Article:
CINEQUEST FILM FESTIVAL 2023 REVIEW! Writer-director-actor-producer Brian Silverman brings another low-budget/high-quality indie to the world with Two Lives in Pittsburgh. This feature is the story of Pittsburgh handyman Bernie Evers (Silverman). His mother, Carla (Annie O’Donnell), is dying, and he is raising an eight-year-old child named Maddie (Emma Basques), who is struggling with her gender identity at this very young age. Bernie is a blue-collar guy, ill-equipped to deal with all of the changes in his life that begin coming in faster than he’s ever known before. This is a moment where Bernie can either melt down or step up. Challenged by his mother’s illness and his child’s exploration of gender, he must decide between who he has always been and who his child needs him to be. Bernie finds himself uncomfortably at a nexus of change for all the people in his life, where his reactions will have life-altering impacts on all of them.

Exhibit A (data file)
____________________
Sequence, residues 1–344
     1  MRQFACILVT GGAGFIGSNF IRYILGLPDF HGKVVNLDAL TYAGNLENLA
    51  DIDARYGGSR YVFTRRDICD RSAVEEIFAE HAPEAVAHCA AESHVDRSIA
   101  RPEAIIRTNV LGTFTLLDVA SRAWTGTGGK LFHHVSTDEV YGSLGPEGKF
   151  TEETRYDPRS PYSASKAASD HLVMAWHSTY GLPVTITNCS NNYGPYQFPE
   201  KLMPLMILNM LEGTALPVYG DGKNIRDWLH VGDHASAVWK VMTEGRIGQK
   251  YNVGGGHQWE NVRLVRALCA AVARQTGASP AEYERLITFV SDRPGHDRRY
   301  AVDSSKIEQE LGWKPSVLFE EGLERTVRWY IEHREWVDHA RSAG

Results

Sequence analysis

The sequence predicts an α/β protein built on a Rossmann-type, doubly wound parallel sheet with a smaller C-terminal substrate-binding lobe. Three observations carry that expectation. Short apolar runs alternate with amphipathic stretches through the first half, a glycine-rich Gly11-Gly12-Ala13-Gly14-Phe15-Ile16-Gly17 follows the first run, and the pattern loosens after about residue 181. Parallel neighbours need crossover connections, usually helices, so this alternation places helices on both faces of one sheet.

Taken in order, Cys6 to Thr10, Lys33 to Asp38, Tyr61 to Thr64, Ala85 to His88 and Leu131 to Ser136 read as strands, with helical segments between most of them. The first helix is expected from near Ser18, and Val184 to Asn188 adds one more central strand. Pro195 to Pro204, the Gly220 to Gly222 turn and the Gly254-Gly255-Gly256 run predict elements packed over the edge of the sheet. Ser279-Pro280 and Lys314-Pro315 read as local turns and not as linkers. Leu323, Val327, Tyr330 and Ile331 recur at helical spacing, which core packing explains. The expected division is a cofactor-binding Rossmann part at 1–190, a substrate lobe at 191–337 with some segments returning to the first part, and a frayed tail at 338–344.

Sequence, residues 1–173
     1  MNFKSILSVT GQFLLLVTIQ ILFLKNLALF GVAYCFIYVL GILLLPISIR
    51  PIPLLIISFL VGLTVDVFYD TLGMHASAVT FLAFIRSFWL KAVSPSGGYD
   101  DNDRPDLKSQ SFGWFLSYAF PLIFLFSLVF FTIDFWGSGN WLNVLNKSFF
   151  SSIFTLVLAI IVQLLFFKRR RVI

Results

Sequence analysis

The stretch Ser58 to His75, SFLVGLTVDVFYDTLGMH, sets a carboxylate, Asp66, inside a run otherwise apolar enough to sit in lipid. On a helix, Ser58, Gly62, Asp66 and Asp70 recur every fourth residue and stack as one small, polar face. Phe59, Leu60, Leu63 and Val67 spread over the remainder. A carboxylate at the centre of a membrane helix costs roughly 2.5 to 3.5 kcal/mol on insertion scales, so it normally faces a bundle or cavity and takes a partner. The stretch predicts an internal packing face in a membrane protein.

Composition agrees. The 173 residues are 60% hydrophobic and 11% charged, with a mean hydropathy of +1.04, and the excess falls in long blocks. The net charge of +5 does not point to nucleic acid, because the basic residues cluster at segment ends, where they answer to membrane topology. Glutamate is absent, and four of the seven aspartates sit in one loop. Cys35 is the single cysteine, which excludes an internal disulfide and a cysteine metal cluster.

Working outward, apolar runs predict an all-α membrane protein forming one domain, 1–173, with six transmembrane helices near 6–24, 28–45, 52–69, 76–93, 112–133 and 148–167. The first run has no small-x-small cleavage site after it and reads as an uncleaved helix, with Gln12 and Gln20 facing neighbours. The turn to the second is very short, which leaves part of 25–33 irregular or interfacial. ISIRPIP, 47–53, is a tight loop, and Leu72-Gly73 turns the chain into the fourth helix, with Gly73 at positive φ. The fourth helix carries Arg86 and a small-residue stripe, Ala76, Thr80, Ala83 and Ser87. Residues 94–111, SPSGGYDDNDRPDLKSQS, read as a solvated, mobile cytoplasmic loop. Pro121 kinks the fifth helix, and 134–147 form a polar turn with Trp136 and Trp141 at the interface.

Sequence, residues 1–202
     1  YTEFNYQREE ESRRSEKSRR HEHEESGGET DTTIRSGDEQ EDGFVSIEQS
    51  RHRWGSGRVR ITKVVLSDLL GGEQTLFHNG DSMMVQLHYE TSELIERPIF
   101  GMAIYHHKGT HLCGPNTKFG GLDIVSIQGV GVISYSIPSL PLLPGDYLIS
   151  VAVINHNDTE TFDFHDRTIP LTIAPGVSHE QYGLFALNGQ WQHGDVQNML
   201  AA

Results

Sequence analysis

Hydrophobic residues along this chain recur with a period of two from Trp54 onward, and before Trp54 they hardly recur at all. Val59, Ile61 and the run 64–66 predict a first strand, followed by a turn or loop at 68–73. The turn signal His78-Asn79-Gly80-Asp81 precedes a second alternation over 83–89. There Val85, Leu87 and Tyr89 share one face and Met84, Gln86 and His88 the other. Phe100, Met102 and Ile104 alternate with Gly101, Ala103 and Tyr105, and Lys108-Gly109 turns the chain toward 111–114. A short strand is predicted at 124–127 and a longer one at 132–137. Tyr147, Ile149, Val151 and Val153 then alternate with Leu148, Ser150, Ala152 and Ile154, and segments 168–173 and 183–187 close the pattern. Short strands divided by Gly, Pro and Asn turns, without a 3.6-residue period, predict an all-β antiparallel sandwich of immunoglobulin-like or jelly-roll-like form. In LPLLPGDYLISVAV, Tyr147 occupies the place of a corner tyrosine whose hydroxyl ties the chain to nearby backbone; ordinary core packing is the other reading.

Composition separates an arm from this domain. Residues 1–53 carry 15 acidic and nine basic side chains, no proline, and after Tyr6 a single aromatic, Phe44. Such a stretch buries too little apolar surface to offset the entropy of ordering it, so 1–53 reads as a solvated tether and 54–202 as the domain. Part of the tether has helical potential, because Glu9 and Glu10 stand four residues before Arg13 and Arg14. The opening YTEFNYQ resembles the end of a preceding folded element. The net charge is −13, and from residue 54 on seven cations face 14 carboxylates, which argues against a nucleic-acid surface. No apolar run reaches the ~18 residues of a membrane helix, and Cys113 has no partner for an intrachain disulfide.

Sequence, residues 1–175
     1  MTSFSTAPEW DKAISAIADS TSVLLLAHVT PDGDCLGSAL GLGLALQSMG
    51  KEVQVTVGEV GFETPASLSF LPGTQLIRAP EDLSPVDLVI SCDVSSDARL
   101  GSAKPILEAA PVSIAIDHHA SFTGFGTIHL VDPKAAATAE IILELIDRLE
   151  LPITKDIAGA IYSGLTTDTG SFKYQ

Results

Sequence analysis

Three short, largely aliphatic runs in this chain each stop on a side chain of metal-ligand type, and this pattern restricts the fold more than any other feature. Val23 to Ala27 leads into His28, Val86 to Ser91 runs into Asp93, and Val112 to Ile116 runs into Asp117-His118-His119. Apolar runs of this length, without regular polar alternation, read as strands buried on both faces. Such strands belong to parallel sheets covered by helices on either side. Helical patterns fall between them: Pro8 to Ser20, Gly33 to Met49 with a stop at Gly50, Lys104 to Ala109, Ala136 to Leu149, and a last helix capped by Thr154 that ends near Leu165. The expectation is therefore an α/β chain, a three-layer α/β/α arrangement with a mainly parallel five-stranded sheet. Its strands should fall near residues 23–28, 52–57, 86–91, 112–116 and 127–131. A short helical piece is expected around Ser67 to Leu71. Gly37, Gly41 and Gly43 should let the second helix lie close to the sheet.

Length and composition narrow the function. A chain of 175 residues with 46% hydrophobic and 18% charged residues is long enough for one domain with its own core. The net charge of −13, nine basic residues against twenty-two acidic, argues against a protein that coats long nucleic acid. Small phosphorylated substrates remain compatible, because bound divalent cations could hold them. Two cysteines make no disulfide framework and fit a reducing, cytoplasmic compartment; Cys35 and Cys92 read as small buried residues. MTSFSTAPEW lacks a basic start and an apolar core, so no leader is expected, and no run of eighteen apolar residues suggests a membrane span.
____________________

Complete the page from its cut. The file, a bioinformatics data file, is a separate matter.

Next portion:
“…Bernie is a blue-collar guy, ill-equipped to deal with all of the changes…“
Bernie is at first in denial and then completely terrified when it becomes evident that the child he thought was his son is discovering that she’s a girl. Other complicating factors in his situation include his blue-collar group of friends, whose most intellectual pursuit is playing darts and drinking Iron City beer in the basement. He talks openly with them about the changes he’s seeing, and it’s awkward but productive. These men have all known each other for a long time, and they seem to be unexpectedly capable of seeing past judgment to consider the aspects of the situation. Bernie must also come to grips with the knowledge that when Maddie is out in the world if she encounters people like him at that age, she’ll be in for horrific bullying. He’s reminded of this by Maddie’s teacher Will (Mark McClain Wilson), one of the people Bernie bullied in his youth. This guilt eats at Bernie.
"…compassionate and intelligent discussion of gender identity, race, and orientation..."